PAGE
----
In a Parliamentary debate on tax avoidance by big business, several MPs named and shamed the large corporates who manage to reduce their tax bills to miniscule amounts by use of a variety of loopholes, deals and complex tax planning arrangements.
Those who make their money through large Government contracts came in for particular criticism as did the Departments who use them.
John McDonnell, Labour MP for Hayes and Harlington said: "Capgemini and Accenture are the two IT companies with which HMRC has contracts, and both were recently identified as avoiding tax themselves.
"Capgemini, the lead contractor on the £8 billion Aspire contract, paid only £308,000 of corporation tax last year on £38 million of profits—less than one per cent. That company is employed by HMRC but avoids the tax that HMRC seeks to use it to collect. It is extraordinary.
"Accenture, which has a £9.6 billion contract with HMRC to supply technical support, managed to reduce its tax bill to 3.5 per cent, paying only £2.8 million in tax on nearly £82 million of profits in Britain last year. It was employed by HMRC and awarded a massive contract, and then used those resources to avoid paying tax. You couldn’t make it up, but it is happening regularly.
"The Government should introduce some principle to ensure that when we award contracts to such companies, we are at least confident that they are not in the tax avoidance business."
Ian Swales, LibDem MP for Redcar, who instigated the debate, also rounded on the double standards employed by companies who are branded as tax avoiders but who benefit from Government contracts and grants. He said: "The UK Government are by far the biggest purchaser and grant-awarding body in this country.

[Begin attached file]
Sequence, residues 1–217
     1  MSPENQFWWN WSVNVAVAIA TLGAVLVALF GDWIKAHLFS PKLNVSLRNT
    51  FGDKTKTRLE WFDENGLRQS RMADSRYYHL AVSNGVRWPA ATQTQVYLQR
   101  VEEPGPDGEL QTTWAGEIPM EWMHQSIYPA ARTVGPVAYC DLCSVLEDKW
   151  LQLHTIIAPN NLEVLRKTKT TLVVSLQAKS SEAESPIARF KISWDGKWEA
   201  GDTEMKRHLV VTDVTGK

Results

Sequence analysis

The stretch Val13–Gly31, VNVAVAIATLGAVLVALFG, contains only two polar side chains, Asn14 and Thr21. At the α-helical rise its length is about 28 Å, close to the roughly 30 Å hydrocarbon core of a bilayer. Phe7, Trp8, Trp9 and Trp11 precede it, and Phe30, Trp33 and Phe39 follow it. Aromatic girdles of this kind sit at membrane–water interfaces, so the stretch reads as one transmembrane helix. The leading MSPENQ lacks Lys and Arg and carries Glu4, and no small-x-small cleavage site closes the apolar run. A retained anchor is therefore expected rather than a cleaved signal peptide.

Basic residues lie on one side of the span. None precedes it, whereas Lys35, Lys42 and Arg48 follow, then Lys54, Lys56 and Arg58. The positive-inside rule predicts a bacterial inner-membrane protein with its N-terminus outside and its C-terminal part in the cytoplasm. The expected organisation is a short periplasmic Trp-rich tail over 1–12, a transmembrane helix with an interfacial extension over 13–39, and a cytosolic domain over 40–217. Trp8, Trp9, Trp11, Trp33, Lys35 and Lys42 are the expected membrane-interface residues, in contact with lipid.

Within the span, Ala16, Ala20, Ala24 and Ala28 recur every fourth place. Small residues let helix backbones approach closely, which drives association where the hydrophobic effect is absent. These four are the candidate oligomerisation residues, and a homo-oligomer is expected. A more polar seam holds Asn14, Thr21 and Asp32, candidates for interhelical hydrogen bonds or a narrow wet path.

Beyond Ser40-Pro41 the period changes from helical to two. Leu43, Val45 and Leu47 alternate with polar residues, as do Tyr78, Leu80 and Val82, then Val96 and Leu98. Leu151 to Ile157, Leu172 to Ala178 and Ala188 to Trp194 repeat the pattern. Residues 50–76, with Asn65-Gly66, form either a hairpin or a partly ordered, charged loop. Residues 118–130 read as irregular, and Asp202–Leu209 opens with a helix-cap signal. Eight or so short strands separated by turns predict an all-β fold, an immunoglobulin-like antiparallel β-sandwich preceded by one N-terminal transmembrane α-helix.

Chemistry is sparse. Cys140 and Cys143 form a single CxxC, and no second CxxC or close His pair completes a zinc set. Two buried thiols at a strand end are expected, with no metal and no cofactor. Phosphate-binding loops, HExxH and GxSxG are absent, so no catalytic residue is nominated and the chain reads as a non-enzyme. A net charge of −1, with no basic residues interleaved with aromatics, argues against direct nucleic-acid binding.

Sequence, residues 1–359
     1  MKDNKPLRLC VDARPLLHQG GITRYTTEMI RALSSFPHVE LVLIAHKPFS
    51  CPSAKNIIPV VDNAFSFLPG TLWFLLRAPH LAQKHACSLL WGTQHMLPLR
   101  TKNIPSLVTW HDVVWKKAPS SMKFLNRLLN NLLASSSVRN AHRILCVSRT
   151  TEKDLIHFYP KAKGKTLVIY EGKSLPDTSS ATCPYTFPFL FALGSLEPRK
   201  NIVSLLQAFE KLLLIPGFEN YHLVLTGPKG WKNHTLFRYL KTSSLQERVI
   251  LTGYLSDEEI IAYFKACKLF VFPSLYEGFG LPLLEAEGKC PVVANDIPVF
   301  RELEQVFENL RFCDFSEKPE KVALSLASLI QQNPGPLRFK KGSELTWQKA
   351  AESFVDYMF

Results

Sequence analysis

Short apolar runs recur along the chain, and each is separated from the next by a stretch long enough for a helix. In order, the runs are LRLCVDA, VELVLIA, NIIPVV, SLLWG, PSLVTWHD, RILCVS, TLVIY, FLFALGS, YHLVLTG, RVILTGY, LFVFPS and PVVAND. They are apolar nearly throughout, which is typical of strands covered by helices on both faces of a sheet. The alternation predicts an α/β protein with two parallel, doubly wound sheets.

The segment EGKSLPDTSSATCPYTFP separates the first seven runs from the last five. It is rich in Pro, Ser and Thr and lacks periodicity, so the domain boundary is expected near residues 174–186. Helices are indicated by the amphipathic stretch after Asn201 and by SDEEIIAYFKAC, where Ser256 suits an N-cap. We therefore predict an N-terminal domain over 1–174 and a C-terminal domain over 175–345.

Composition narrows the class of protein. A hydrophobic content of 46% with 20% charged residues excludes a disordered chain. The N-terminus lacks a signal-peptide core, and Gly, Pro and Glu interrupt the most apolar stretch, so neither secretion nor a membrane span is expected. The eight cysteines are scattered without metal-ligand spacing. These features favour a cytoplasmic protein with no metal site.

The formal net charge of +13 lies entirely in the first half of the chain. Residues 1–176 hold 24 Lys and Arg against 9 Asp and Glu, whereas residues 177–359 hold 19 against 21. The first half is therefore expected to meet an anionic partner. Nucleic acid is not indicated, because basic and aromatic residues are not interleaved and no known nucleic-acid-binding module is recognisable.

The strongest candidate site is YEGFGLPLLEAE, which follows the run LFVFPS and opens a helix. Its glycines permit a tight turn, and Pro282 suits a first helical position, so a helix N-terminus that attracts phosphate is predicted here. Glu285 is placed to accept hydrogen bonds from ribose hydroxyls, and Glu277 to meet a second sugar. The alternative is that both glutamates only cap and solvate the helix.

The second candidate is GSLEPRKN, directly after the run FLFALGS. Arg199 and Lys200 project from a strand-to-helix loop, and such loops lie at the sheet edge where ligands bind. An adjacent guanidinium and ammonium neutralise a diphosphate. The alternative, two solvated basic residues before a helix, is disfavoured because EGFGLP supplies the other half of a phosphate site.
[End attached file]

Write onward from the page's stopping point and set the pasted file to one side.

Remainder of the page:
"Is it right that Amazon can get more than £10 million of Government money for a new warehouse in Dunfermline when it is a Luxembourg-based retailer paying little corporation tax in this country, and apparently does not pay VAT on all its sales either?
"Is it right that Accenture, Capgemini and others win Government contracts when they are named as aggressive tax avoiders? Should HMRC itself have sold its buildings for leaseback to Mapeley, a Bermuda-based company? Is it not time that we recognised in financial assessments that most of the profits from private finance initiative and outsourcing contracts are now disappearing offshore?"
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Susie Hughes © Shout99 2013